Thankfully she wasn’t hurt as the branch snapped and she fell from her horse. At this point we all thought we would definitely be safer wearing hats but there weren’t any on offer. We all made it safely back although Zoë’s horse plodded along at the back for the last 500m and only just made it up the hill. After lunch we set off back to the previous camp. This meant going back along the valley and over the mountain we had crossed two days previously. We were a little apprehensive at the thought of going down some quite steep gravel slopes but we had to trust our horses. Zoë’s horse was quite creative about which path to follow and often made it’s own way through the trees and over large rocks. This was quite amusing as all the other horses blindly followed it and had more of a challenge than on the actual path. Running down some of the steepest sections was pretty scary so we all breathed a sigh of relief when we reached the valley. Around 30 minutes later we arrived at our first camp again and got out of the freezing cold wind for the night. Matthias volunteered to get water for the horse guides and was back out in the cold to find the river. He found the river around 1km away through a dense forest which made the water cart fairly useless. We were all wondering where on earth he had got to when he finally came in the door sweaty and cold. Thankfully we had the fire on and our ger was nice and cosy. We really enjoyed the company of our fellow riders and we were all still wondering where the waterfall was that we were meant to see on the first day.
The following day we found out that we were riding back to the ger camp where our drivers had dropped us off and from there we would walk to the waterfall. It was a pretty cold day and Zoë had picked up a cold and fever. We knew we had about 3 hours of riding to do which was managable but in the bracing wind it wasn’t going to be very enjoyable. Two and a half cold hours later we arrived at the ger and our horses seemed keen to be loose again. We were invited in for tea and soup which was very welcome. Then we were shown to our ger for the night and our guide pointed the way to the waterfall which was somewhere between 200m and 1km away. We all set off for a walk to the waterfall which was probably 1km away. We hadn’t expected the valley floor to open into a huge canyon all of a sudden and so we walked along the edge until we found the waterfall. We walked down a rocky path into the canyon and along the river until we reached a large deep pool with a fairly sizeable waterfall. Then we decided to view it from above before we set off back to the ger to make dinner. We had noodles and sauce before our guide turned up with a yummy vegetable soup. We were even happier in the morning when our guides brought some freshly fried bread for breakfast. Then we set off in the car back to Kharkhorin, which our speedy driver managed in just over two hours.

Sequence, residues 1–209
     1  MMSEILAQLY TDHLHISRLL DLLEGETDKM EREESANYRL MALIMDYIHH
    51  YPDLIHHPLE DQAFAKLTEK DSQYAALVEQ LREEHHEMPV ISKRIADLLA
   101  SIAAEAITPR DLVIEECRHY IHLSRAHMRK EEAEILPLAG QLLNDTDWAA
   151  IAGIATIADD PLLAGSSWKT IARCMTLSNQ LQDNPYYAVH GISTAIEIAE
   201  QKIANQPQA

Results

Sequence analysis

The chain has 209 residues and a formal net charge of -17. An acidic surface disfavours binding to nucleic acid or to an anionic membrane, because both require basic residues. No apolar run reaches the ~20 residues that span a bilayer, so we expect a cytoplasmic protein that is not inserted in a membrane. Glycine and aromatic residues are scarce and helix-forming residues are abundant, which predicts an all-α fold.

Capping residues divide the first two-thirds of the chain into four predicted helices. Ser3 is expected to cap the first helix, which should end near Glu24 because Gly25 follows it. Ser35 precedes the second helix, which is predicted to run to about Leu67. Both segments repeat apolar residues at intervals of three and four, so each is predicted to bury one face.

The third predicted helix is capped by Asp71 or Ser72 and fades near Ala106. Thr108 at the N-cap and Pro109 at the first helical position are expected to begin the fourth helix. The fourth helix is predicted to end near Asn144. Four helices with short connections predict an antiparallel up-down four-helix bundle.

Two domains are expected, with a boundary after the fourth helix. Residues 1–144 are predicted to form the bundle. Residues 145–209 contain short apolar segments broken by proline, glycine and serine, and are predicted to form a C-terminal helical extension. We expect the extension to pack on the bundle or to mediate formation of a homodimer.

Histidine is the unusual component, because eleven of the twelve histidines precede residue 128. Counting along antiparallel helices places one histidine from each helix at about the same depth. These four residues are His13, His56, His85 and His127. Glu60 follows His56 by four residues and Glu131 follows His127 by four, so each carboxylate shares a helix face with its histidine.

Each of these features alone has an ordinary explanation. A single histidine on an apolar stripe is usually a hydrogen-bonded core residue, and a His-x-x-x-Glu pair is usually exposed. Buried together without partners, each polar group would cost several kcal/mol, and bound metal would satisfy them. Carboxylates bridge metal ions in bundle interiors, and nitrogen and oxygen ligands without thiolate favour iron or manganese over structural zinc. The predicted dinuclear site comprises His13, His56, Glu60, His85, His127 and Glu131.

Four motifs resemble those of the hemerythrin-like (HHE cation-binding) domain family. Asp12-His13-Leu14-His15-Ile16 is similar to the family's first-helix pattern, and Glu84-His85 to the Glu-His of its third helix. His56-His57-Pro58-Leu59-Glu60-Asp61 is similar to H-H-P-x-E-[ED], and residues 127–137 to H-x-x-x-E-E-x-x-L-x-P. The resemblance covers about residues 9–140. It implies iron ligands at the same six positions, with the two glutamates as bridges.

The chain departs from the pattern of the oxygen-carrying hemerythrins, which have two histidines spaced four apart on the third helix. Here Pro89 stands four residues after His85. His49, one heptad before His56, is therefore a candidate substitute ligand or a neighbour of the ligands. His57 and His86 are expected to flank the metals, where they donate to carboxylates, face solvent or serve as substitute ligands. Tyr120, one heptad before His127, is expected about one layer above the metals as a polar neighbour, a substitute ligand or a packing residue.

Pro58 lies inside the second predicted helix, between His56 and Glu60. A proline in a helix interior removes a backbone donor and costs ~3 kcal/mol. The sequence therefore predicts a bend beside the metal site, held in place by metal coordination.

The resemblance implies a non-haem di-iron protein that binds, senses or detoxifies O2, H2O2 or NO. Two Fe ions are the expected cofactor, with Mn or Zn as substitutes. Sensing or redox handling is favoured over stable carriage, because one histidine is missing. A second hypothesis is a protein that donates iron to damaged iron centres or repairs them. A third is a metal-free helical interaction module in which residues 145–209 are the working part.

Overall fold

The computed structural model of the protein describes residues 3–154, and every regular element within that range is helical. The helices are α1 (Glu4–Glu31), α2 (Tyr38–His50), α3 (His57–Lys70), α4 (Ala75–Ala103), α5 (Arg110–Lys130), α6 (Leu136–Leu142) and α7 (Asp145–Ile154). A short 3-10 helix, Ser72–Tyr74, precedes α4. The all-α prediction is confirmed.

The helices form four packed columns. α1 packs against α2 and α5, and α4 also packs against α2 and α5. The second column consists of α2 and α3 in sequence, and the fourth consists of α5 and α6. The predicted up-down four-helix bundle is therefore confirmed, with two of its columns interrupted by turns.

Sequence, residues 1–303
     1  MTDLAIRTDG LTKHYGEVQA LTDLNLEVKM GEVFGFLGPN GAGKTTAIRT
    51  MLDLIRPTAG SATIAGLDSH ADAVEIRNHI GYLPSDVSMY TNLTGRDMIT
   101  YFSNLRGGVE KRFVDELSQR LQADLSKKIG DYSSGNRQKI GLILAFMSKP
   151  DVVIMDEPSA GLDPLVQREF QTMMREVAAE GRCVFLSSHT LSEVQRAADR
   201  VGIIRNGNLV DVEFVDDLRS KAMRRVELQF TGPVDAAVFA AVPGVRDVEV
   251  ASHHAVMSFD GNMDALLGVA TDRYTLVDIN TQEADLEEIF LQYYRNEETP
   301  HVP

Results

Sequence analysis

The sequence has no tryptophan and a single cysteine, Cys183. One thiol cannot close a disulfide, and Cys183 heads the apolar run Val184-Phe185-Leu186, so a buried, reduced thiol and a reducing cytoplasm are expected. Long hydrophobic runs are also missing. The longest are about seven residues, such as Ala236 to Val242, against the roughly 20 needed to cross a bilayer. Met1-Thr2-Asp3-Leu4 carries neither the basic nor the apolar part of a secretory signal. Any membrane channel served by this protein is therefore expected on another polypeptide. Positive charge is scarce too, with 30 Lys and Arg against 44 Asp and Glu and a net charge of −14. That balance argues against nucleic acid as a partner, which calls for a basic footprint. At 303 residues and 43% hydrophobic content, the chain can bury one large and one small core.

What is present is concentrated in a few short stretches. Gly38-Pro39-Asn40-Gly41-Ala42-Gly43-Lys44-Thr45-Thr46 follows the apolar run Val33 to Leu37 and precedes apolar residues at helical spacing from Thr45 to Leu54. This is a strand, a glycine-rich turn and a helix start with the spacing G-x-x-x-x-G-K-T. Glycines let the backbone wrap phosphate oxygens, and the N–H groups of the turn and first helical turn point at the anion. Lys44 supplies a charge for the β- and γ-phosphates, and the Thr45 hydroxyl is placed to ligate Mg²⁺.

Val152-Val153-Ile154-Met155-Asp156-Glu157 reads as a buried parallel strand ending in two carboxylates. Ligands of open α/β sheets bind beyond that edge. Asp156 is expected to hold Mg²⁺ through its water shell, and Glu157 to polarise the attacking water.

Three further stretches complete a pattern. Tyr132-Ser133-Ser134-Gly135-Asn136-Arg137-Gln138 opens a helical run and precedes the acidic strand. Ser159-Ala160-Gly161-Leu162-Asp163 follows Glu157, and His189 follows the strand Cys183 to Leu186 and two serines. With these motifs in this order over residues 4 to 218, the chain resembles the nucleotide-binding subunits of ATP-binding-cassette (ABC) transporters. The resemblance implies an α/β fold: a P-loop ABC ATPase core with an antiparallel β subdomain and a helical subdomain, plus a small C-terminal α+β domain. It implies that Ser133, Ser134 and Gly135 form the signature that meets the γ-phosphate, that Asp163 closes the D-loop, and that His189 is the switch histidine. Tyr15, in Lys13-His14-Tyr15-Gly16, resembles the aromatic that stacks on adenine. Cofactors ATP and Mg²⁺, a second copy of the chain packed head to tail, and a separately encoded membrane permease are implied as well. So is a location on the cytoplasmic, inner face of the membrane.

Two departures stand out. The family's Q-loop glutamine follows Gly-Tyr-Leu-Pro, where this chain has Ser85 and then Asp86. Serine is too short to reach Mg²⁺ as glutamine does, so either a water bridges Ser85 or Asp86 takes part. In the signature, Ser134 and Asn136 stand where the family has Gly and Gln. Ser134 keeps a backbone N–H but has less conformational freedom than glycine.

Back in Kharkhorin we had a few days to relax and see the sights. Most people come to see the Erdene zuu monastery and museum. We had a look around and were impressed by the detailed artwork but sad that much of the monastery was destroyed by the communists. We also walked up the hill to see one of the four stone turtles and also the phallic rock. Sightseeing done we had to recuperate before our next adventure. We had just two days back in Ulanbaatar before we set off on our workaway adventure. We signed up to workaway to meet some local people and reduce our costs. We wrote to a couple of hosts via the website (workaway.com) but only recieved one reply. We managed to arrange ten days living with nomads in the east of Mongolia and book a driver but the rest was set to be a surprise.